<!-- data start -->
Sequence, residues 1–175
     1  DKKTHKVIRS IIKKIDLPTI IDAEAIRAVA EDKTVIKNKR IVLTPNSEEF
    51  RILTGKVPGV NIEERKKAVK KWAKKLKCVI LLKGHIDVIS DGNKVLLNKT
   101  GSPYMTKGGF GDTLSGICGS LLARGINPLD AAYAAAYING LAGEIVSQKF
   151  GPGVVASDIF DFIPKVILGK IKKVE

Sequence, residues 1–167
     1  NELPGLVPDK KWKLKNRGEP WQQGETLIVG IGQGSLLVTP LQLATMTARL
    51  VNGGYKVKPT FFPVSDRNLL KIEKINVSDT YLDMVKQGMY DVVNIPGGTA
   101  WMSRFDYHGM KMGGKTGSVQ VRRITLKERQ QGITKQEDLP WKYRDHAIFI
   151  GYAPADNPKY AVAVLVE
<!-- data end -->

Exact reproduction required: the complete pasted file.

Sequence, residues 1–175
     1  DKKTHKVIRS IIKKIDLPTI IDAEAIRAVA EDKTVIKNKR IVLTPNSEEF
    51  RILTGKVPGV NIEERKKAVK KWAKKLKCVI LLKGHIDVIS DGNKVLLNKT
   101  GSPYMTKGGF GDTLSGICGS LLARGINPLD AAYAAAYING LAGEIVSQKF
   151  GPGVVASDIF DFIPKVILGK IKKVE

Sequence, residues 1–167
     1  NELPGLVPDK KWKLKNRGEP WQQGETLIVG IGQGSLLVTP LQLATMTARL
    51  VNGGYKVKPT FFPVSDRNLL KIEKINVSDT YLDMVKQGMY DVVNIPGGTA
   101  WMSRFDYHGM KMGGKTGSVQ VRRITLKERQ QGITKQEDLP WKYRDHAIFI
   151  GYAPADNPKY AVAVLVE